Canadian Law Professor, Michael Lynk, the Special Rapporteur for the United Nations Human Rights Council on the situation in the Palestinian territories, along with the secretary general of Amnesty International Canada, Alex Neve, whose article was featured on Australian News site, The Conversation.

The authors begin by stating that “While Israel rejects that it’s the occupying power, there is a virtual wall-to-wall consensus among the international community — including the United Nations, the European Union, the International Court of Justice, the International Committee of the Red Cross and Canada — that the laws of occupation, including the Fourth Geneva Convention of 1949, apply in full to the Palestinian territory.”

On May 9, the Canadian Senate passed Bill C-85 — the Canada-Israel Free Trade Agreement Implementation Act, which amends and updates the original 1997 free-trade agreement, and on May 27, it received royal assent.

Two fundamental provisions, Lynk says are missing in the updated agreement, a human rights provision, requiring both parties to uphold international human rights and humanitarian law.

The agreement allows goods and services produced in the illegal Israeli settlements to enter Canada on the same tariff-free terms as those originating in Israel.  No distinction is made between Israel and its illegal settlements in the Palestinian territories encourages the economic growth of settlements.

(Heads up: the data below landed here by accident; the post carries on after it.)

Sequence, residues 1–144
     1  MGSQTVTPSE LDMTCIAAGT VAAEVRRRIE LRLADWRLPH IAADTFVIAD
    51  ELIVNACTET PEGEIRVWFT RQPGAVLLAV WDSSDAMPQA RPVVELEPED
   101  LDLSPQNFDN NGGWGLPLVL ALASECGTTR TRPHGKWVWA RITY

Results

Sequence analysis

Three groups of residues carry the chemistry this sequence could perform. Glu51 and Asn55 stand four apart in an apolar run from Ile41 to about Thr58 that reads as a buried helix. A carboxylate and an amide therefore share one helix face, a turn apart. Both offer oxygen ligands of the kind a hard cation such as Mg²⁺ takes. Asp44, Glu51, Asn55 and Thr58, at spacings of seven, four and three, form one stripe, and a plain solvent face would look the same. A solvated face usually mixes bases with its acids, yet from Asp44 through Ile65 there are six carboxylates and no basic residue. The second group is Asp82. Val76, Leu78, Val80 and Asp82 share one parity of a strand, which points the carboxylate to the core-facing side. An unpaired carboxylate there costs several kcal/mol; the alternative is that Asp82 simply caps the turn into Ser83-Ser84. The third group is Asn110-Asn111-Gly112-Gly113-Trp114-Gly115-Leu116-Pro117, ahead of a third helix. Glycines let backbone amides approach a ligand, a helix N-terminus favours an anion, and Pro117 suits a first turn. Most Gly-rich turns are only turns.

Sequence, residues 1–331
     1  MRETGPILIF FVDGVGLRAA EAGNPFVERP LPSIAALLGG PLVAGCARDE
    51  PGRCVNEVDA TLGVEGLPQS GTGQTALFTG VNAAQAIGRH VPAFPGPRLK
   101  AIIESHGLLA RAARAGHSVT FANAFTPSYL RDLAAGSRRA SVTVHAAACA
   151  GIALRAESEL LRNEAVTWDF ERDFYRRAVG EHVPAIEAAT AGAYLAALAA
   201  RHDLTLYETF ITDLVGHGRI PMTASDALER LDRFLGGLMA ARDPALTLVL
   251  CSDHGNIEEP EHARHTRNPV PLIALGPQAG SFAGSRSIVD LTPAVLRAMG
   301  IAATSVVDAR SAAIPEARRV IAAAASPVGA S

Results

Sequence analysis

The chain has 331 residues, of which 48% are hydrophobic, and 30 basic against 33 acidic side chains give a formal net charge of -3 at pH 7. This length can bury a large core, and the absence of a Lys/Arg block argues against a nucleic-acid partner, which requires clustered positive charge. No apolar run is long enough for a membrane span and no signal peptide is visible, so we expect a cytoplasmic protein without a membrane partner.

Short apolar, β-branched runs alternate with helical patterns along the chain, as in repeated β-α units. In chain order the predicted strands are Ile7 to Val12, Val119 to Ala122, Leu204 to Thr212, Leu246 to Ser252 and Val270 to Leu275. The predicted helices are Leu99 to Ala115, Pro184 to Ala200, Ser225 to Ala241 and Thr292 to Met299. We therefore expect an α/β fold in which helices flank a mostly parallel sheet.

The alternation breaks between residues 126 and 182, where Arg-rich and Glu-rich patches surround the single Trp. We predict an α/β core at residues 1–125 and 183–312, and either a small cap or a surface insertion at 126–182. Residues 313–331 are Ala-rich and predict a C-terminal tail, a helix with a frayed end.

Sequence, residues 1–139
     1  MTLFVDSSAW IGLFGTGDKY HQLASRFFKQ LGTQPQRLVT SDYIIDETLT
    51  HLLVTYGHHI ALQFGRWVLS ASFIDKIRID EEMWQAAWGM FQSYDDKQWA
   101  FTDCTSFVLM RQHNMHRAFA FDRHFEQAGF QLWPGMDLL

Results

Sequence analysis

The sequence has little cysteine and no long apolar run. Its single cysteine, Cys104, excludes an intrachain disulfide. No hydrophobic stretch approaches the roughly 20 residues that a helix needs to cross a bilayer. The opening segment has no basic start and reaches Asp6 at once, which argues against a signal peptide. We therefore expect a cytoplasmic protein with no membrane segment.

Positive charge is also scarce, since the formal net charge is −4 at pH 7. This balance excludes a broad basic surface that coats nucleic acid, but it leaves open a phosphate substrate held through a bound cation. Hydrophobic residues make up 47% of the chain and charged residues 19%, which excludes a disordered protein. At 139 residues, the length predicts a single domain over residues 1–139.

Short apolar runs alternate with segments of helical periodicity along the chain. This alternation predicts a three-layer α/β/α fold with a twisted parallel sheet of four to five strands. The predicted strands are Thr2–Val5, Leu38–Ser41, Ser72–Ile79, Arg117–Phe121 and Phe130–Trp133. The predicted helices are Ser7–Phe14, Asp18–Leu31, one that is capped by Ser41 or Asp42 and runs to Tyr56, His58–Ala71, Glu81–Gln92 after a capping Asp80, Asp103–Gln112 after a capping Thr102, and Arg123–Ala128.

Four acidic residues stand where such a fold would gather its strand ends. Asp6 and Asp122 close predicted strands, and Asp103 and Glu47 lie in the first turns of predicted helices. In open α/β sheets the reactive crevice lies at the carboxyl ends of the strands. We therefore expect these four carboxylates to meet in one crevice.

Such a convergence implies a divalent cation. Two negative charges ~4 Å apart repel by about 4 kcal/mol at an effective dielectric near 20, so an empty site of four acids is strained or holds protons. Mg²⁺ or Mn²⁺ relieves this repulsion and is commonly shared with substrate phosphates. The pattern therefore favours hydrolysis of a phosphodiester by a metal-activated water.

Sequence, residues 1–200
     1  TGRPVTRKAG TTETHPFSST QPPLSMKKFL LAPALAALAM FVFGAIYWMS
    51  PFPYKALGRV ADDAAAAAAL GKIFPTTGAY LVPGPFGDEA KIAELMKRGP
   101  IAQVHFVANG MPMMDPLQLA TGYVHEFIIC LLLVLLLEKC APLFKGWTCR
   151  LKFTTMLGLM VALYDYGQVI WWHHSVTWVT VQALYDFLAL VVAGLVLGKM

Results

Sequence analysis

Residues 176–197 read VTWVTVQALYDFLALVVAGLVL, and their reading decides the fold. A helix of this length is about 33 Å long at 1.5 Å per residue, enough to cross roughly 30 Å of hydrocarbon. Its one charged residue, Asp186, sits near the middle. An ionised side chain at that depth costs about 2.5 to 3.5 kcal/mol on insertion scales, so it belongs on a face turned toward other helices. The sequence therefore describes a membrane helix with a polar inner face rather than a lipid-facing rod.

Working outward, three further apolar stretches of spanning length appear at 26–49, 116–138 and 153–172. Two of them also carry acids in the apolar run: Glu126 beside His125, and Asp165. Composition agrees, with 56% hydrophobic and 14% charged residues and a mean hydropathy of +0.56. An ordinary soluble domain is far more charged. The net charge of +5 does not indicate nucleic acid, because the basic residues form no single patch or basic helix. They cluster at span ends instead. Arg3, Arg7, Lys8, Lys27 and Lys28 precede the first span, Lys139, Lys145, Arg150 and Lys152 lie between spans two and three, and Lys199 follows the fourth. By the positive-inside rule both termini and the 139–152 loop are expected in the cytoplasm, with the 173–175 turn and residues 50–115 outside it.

This, the pair state, is not only contrary to Canada’s general duty to uphold international law, it expressly violates both international and Canadian law, as well as the direction of the UN Security Council.

Treating the Israeli settlements as part of Israel, and extending the benefits of our open market to settlements’ goods and services, ensnares Canada in the serious violations of both international human rights and humanitarian law that are part and parcel of the Israeli occupation.

The authors cite the Fourth Geneva Convention,  Article 49(6), which states that, the occupying power is prohibited against transferring its civilian population onto the occupied territory.

In direct violation of this, during its 52-year occupation of the Palestinian territory, Israel has built 240 Jewish only settlements in the West Bank, housing 630,000 illegal settlers.

United Nations Security Council Resolution 2334, declared the Israeli settlements are “a flagrant violation under international law and a major obstacle to the achievement of a two-state solution and a just, lasting and comprehensive peace.”

Lynk and Neve affirm that at the heart of the illegal settlement enterprise, is a “discriminatory two-tier system of laws governing political rights, zoning laws, roads, water and natural resources, property, public services and access to courts — all based entirely on ethnicity.”

The report concludes “the Canadian government is knowingly extending economic benefits and political cover to an illegal enterprise at a time when these settlements are undermining the chances for peace and generating systematic human rights violations.”